A dental cone beam CT scanner uses x-rays and a computer to produce a 3D cross sectional images of the jaws and teeth.
It is a compact, faster and safer version of the regular CT scanner. Through the use of a cone shaped x-ray beam, the size of the scanner, radiation dosage and time needed for scanning are all much reduced.
The machine moves around your head in a circular motion in a similar way to the panoramic dental radiography unit which is commonly used in dental surgeries and hospitals, which you may have already experienced.
What happens during dental cone beam CT (CBCT)?
You will be seated in the CBCT machine. Your head will be carefully positioned and you will be asked to keep absolutely still while the scan is taken. The positioning takes a few minutes, but each scan takes only a minute or so.
Why should I have a dental CBCT?
The scan will give us detailed information which cannot be obtained from more conventional x-ray equipment. For example, if you are being considered for dental implants or other special procedures it enables us to assess the exact shape of the bone and teeth.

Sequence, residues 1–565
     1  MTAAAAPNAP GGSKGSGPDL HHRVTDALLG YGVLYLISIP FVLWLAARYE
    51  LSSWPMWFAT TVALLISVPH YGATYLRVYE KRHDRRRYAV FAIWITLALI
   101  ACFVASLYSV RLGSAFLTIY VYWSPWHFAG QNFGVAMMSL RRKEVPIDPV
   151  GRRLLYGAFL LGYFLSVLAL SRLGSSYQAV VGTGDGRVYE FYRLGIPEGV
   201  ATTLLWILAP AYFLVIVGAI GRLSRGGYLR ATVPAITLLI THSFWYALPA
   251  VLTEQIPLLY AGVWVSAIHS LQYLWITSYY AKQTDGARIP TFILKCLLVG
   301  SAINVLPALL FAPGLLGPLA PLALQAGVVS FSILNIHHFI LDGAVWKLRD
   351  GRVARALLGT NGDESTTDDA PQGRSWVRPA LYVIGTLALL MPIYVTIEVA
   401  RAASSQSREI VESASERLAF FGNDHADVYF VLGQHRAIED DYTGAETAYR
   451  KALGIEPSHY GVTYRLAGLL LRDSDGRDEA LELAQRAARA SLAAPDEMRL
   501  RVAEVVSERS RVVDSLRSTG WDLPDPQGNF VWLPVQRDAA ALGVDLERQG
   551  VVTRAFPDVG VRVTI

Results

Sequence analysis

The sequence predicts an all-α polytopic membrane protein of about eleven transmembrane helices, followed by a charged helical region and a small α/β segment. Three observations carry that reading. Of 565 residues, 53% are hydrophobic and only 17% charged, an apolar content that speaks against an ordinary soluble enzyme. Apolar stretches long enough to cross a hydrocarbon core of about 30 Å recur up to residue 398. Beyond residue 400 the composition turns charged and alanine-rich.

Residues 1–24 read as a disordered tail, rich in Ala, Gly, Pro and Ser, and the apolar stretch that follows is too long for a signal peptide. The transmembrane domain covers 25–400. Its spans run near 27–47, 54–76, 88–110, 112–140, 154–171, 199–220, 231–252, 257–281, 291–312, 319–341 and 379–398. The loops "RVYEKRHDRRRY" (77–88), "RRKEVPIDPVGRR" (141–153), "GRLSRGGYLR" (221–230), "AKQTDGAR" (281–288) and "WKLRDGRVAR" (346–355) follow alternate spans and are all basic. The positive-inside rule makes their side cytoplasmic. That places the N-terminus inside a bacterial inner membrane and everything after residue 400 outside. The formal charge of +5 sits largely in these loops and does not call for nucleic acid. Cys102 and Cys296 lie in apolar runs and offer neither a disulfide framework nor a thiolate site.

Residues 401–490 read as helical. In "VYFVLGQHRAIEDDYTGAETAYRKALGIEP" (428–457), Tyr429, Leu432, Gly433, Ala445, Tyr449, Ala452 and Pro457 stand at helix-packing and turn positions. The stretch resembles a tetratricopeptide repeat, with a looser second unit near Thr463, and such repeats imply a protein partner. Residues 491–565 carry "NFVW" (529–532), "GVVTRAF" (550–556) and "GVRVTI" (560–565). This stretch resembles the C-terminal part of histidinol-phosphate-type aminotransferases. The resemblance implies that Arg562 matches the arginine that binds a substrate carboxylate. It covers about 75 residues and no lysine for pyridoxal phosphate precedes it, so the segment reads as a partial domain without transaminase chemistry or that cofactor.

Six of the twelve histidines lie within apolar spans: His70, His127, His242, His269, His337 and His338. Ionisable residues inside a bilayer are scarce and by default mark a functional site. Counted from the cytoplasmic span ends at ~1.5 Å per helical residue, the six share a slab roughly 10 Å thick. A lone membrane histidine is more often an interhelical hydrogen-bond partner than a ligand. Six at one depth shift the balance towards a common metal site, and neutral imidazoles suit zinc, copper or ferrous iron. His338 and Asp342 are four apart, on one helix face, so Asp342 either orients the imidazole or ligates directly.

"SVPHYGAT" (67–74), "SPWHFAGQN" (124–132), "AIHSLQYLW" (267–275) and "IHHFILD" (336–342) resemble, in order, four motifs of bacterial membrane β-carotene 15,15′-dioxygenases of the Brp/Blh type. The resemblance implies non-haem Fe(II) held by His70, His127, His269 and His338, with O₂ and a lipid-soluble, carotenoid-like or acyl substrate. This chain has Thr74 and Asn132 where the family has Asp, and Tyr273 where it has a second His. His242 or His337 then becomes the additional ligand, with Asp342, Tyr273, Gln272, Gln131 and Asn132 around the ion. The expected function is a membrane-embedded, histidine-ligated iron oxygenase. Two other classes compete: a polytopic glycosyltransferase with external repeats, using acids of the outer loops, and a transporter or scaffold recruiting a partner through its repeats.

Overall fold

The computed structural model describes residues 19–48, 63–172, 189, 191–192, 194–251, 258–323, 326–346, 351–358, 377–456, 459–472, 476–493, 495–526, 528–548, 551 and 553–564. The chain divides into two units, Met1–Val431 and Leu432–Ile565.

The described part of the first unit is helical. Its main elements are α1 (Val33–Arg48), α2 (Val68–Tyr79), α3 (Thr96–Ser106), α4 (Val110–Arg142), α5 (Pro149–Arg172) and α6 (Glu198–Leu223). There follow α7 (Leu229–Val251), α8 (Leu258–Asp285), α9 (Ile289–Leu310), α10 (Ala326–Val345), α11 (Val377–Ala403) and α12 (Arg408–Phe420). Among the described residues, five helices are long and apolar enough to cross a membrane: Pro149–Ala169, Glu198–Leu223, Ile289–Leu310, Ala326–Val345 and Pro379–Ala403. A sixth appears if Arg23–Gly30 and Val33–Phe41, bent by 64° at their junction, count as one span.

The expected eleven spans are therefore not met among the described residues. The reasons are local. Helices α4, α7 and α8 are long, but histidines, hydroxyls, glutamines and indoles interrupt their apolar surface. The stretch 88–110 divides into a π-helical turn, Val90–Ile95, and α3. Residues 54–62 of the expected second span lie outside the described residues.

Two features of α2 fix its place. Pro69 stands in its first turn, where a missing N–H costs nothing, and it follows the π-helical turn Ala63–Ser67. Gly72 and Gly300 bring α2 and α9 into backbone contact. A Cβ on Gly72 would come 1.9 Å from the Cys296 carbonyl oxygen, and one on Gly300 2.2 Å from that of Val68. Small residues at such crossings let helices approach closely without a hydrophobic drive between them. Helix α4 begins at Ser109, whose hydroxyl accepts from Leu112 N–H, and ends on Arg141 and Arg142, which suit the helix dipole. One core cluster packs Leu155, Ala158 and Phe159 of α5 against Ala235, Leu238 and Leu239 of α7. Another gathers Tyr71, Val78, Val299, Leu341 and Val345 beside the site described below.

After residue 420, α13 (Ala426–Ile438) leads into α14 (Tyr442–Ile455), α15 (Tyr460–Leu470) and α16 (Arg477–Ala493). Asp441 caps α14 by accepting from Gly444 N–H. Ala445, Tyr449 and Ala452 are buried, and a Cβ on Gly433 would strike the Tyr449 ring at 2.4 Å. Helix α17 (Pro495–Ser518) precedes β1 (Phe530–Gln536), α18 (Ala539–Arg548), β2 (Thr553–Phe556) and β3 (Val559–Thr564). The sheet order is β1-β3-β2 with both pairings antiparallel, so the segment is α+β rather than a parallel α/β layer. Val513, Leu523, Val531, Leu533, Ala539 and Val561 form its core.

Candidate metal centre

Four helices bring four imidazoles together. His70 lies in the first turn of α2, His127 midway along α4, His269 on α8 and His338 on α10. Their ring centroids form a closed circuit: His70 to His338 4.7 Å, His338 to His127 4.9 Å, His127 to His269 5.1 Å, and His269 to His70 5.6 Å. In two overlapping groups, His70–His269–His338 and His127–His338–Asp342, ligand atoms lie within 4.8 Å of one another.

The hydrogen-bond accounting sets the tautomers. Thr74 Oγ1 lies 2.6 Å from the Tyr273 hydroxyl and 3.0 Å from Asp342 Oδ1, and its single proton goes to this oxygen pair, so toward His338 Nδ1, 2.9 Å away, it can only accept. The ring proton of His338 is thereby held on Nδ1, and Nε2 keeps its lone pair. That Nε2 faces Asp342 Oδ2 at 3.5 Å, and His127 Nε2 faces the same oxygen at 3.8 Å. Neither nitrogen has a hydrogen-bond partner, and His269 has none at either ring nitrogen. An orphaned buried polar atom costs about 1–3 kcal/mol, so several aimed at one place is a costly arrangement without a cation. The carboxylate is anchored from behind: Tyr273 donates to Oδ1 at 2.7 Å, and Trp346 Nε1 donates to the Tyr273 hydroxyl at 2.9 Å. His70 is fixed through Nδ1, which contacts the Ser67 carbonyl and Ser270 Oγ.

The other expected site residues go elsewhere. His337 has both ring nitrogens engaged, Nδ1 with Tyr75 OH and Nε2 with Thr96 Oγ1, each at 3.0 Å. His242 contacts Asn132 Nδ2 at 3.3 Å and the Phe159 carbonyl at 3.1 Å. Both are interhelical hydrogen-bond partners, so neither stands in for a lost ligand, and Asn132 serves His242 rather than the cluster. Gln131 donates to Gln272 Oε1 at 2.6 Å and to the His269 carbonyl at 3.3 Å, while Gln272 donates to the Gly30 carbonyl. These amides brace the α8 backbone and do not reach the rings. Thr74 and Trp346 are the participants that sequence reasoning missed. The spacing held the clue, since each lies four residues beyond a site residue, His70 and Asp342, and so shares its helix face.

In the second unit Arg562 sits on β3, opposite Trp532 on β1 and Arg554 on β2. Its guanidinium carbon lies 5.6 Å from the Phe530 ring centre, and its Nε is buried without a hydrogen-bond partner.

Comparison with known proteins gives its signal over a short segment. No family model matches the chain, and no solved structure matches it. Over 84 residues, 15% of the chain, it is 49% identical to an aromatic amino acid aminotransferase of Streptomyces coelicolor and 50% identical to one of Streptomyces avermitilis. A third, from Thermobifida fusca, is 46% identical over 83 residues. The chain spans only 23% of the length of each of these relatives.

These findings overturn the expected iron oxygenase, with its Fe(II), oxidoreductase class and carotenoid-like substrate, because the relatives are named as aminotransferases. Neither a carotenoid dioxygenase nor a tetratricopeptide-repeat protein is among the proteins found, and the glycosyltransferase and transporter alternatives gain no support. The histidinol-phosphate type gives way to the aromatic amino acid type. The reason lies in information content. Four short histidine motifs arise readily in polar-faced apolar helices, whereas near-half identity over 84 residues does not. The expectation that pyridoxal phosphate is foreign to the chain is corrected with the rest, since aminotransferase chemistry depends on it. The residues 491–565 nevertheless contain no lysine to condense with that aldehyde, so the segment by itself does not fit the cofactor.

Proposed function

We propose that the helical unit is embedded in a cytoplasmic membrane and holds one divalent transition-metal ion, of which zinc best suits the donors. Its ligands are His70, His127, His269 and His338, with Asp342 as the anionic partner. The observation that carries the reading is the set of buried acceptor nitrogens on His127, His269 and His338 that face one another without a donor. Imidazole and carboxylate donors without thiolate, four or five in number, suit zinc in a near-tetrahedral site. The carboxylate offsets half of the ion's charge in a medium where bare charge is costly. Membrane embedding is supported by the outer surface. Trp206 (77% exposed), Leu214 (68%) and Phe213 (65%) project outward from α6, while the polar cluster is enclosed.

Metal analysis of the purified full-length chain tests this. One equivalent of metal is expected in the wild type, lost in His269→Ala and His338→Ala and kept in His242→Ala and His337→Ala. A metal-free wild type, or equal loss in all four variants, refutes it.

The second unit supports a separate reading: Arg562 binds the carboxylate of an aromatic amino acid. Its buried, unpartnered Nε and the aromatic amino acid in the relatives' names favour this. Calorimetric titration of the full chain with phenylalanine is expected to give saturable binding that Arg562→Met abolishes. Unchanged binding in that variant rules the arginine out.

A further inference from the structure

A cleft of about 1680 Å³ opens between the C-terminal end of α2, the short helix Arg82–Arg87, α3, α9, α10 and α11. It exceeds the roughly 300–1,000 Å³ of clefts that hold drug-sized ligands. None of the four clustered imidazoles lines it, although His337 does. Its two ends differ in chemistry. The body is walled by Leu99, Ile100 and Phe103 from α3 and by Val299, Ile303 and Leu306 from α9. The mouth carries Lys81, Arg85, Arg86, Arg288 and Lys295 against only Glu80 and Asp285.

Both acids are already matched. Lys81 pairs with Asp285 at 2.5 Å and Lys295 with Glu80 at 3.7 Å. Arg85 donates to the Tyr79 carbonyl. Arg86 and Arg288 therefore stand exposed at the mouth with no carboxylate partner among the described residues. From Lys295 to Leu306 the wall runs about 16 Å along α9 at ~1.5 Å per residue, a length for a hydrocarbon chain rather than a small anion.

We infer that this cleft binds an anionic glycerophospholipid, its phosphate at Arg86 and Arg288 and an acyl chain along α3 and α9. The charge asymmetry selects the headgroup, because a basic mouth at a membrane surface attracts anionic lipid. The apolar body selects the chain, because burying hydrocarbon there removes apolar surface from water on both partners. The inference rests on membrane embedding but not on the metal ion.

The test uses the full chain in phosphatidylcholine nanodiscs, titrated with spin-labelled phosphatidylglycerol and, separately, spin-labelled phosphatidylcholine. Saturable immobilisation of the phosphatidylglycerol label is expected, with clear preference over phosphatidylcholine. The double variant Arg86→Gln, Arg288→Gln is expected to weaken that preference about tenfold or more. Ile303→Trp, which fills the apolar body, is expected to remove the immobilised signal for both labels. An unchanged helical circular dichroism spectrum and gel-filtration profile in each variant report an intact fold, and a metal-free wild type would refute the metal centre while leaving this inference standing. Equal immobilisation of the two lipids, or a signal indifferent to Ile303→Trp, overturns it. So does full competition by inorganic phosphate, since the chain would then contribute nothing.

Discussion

What are the risks?
CBCT scans are low dose examinations and give an x-ray dose to the patient that is considerably less than a medical CT scan.
A medical CT scan of the upper jaw gives a radiation dose equivalent to approximately 179-578 days of background radiation (the radiation constantly present in the environment). A CBCT scan of the whole jaw would be comparable to approximately 12-30 days of normal background radiation. As with any x-ray examination, please inform the radiographer if you might be pregnant.
We use the latest technology here at the DrBK clinic. We have found that the advantage of enhanced visualisation significantly improves treatment prognosis, especially for the more complicated of procedures not only for a root canal treatment or implant treatments, but for many of our other dental procedures.